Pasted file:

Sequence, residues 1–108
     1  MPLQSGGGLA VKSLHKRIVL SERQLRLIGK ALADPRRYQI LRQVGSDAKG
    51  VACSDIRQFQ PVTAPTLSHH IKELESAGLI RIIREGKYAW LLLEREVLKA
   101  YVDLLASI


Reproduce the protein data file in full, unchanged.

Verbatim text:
Sequence, residues 1–108
     1  MPLQSGGGLA VKSLHKRIVL SERQLRLIGK ALADPRRYQI LRQVGSDAKG
    51  VACSDIRQFQ PVTAPTLSHH IKELESAGLI RIIREGKYAW LLLEREVLKA
   101  YVDLLASI